When I show up at a baseball game, I am usually carrying my “man bag” and my laptop. I get asked a lot if I am a scout, even at the minor league games, but almost every high school and college game. On the days that I just want to watch the game, not really wanting to talk with anyone, I will play along – neither acknowledging, or denying, that I am. I have talked with and observed a lot of scouts on this trip, I can spot them instantly. Recognizing them really isn’t that hard, so I can see why people assume that I am one. Last night was one of those nights I wanted to watch the game. I thought the game was at Johns Creek High School, I showed up and a game was being played but it was a ninth grade game. I went to the concession stand and inquired where the varsity game was being played. The attendant told me the game was at Lambert High School about eight miles away. I talked with some very nice “moms” that inquired if I was a scout. I told them “kinda”, then explained what I was doing. I was very impressed with Johns Creek sports facilities, hands down the top of my “the nicest I have seen” list! The “moms” explained how to get to Lambert letting me know it would take about 20 to 25 minutes to get there because of traffic.
I drove through one of the nicest suburbs that I have seen where larger homes and mini-mansions were the norm. These were nice well-crafted homes, not the Mc Mansions, you see in a lot of newer subdivisions. I arrived at Lambert High School to a packed parking lot; therefore, I had to park on the grass. I grabbed my gear and started walking down to the baseball field. I was blown away at the amount of people who were at the game. The stands were filled along with people standing everywhere, even standing on top of the football field bleachers last row. This was a big rivalry game and since Lambert is rated #2 in the nation, I think it brought even more people out. I instantly felt people looking at me. I was scanning the crowd for scouts, I couldn’t spot any. I tried to find a place down the right field line but the sun was in my eyes. I walked back through the crowd going down the left field line, bad angle. As I was walking through the crowd, I heard the whispers, “What does his hat say”. “He looks familiar”. “He is from Wisconsin”. (I was wearing a Badger Baseball Shirt. By the way, Wisconsin doesn’t have baseball.) “I wonder who he is here to see”, etc. I hear those whispers all the time, to be honest, I enjoy it. On this night I went with it, I didn’t feel like talking, as the game progressed I spotted a player that I wanted to watch.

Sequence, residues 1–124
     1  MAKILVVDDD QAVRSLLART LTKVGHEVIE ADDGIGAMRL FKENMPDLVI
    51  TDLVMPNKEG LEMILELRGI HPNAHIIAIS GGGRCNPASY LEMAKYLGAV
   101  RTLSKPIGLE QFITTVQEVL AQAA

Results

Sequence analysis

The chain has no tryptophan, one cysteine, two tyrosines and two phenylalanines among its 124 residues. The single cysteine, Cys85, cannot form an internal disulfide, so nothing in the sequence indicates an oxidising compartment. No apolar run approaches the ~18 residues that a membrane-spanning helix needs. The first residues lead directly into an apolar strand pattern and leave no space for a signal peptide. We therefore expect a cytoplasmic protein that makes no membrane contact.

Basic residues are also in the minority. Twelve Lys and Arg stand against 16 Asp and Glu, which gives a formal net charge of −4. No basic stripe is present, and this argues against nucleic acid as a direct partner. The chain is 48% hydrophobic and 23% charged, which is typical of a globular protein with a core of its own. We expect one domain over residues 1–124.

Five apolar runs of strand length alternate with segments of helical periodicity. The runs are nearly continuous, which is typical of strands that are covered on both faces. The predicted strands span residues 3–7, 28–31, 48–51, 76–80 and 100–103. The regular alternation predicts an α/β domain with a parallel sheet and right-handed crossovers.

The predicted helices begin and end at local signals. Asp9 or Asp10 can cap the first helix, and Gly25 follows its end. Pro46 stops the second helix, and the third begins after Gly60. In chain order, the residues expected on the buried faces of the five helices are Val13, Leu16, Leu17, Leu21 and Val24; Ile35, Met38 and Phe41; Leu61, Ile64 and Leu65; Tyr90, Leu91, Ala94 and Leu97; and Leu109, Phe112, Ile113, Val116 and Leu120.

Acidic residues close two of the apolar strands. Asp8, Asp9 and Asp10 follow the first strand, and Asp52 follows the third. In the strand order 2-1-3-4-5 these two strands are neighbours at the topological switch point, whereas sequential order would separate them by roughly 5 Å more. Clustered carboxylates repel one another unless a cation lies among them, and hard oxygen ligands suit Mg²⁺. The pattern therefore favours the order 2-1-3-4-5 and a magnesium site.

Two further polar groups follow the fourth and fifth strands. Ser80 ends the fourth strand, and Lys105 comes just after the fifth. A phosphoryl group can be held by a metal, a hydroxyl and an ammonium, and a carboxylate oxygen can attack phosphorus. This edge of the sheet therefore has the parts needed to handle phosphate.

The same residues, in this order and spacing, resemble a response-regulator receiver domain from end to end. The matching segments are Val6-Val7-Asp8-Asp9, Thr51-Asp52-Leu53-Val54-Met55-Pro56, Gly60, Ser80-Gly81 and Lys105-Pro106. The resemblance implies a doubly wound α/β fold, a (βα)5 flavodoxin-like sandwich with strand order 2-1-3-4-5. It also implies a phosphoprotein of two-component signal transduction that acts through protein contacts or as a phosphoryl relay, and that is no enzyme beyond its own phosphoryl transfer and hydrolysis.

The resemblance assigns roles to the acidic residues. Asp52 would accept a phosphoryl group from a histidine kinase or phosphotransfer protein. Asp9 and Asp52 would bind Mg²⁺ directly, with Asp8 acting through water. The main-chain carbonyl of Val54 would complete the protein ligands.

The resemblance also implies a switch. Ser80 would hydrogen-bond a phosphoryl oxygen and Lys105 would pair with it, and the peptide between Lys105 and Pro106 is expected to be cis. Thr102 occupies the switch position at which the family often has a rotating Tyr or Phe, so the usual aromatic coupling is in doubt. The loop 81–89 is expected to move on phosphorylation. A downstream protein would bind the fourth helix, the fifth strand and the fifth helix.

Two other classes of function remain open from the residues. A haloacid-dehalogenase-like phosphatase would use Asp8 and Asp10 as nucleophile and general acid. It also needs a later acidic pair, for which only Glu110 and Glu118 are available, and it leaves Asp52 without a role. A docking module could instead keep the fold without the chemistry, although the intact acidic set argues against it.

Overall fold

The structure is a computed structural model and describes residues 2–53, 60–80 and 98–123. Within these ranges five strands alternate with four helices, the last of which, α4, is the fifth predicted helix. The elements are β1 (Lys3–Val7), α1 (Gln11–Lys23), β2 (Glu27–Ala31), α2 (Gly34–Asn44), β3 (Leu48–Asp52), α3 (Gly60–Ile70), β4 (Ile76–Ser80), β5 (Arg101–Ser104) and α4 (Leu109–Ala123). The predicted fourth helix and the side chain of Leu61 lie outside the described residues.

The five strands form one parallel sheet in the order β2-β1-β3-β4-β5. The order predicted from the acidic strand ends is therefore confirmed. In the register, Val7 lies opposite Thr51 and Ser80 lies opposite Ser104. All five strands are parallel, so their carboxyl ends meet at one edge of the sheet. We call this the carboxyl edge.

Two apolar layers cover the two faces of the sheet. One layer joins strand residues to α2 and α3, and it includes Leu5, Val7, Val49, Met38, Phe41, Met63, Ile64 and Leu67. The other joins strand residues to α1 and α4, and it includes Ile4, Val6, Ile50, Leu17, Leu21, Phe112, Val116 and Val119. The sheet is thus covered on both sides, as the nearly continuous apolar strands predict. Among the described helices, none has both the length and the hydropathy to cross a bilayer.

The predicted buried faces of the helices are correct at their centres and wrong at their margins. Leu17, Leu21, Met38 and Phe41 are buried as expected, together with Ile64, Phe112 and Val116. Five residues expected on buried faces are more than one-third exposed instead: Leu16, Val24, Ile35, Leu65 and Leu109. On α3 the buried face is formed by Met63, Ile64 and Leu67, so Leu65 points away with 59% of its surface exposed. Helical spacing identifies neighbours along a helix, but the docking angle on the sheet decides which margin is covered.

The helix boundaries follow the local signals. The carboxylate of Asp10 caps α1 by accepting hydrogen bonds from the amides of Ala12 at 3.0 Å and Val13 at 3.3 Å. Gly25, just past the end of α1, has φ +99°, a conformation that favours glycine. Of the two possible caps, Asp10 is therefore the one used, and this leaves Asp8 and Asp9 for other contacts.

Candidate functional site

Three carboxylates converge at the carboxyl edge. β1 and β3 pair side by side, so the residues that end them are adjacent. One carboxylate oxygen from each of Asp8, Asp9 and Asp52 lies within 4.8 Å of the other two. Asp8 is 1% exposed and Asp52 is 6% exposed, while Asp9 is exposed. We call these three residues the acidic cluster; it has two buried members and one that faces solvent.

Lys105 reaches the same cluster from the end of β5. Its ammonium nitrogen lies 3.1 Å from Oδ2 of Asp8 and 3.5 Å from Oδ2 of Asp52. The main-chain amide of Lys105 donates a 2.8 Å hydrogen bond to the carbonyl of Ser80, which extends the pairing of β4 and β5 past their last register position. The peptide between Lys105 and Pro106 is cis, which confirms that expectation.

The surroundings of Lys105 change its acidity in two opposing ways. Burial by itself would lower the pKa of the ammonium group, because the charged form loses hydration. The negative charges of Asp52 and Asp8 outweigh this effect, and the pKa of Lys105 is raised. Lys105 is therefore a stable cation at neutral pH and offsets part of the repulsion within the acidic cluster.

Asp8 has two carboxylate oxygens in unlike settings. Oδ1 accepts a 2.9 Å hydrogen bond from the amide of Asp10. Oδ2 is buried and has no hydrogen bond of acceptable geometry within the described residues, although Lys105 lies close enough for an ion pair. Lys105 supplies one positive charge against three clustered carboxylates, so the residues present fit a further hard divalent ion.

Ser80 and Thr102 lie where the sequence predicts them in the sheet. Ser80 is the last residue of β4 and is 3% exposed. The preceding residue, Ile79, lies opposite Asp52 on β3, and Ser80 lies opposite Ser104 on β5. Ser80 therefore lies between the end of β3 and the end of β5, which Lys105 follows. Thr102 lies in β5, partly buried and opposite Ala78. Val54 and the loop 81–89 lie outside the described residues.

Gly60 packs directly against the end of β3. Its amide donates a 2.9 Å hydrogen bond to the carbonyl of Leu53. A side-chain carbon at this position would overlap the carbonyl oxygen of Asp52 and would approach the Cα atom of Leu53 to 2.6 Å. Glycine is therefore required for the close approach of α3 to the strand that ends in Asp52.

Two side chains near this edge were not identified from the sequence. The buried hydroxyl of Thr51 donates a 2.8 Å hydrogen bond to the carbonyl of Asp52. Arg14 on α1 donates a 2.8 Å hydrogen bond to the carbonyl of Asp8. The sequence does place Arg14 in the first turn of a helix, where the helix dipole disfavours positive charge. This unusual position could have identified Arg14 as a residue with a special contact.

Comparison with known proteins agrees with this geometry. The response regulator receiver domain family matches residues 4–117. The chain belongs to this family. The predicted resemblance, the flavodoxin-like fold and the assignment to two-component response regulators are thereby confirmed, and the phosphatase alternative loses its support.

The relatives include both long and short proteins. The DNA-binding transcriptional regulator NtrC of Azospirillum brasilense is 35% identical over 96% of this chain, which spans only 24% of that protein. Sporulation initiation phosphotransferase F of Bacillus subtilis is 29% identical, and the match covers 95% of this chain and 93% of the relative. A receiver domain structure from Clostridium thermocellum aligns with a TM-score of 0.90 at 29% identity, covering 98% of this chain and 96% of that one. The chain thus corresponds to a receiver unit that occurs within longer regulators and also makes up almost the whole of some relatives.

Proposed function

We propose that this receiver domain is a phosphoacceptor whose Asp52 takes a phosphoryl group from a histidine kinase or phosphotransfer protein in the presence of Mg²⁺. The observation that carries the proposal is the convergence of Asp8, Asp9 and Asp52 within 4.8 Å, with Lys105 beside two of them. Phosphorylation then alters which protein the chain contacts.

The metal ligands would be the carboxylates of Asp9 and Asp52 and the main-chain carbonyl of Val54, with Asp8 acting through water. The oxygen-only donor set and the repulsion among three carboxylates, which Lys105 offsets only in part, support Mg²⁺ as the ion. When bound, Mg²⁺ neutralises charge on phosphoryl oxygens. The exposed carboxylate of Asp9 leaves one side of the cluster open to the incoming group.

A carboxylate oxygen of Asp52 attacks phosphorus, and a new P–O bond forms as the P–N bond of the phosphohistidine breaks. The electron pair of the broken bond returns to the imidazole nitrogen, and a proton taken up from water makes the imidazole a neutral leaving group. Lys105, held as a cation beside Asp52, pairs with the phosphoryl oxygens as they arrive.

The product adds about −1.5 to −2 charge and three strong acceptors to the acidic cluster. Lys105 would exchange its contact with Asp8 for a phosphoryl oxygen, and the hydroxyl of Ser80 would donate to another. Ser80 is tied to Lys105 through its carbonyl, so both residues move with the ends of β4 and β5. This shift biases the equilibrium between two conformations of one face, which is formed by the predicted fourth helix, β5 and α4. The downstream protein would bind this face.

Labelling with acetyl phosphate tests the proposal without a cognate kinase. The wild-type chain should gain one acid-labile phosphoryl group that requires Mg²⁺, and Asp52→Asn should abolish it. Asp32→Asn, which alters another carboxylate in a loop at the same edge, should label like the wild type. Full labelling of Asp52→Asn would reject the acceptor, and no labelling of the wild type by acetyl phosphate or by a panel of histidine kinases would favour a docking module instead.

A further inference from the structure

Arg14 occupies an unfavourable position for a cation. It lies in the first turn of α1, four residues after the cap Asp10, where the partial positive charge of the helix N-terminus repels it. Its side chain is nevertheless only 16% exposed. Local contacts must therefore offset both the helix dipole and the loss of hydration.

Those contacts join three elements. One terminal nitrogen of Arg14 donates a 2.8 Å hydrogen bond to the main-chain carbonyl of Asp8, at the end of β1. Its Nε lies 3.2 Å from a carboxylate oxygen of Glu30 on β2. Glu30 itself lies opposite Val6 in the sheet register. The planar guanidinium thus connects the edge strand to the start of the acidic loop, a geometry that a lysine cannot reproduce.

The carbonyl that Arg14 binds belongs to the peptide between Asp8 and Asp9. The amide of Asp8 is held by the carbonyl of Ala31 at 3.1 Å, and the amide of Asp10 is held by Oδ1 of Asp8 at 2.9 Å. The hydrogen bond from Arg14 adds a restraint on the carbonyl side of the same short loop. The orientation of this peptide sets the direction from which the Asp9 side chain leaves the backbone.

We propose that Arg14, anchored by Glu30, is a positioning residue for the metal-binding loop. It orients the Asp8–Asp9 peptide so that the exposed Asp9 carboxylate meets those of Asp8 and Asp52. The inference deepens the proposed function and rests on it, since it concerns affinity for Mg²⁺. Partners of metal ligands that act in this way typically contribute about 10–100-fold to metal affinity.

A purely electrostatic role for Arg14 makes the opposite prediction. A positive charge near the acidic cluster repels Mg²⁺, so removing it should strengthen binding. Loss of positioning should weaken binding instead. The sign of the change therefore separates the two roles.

Watching a lot of baseball, I have learned just how to spot the “stand out” players. I am not saying it is hard to do, most people are able to spot the good ones. What I’m talking about are the players that have that little extra. My favorite position to watch is catcher. There is something about that position that I love. It takes a special person to play and perform at a high level while catching. The catcher is the coach on the field, knows all the situations while making snap decisions. He’s the mediator between mound and plate with occasionally conferencing with a pitcher to calm down or to fire up. As a catcher, a player needs to have some “grit”. When they say, “There is no crying in baseball”, a catcher defines this statement. Besides all the mental and emotional skills required for the position, a player needs to have impressive physical skills which include quick feet, instinctive reflexes and strong arm strength.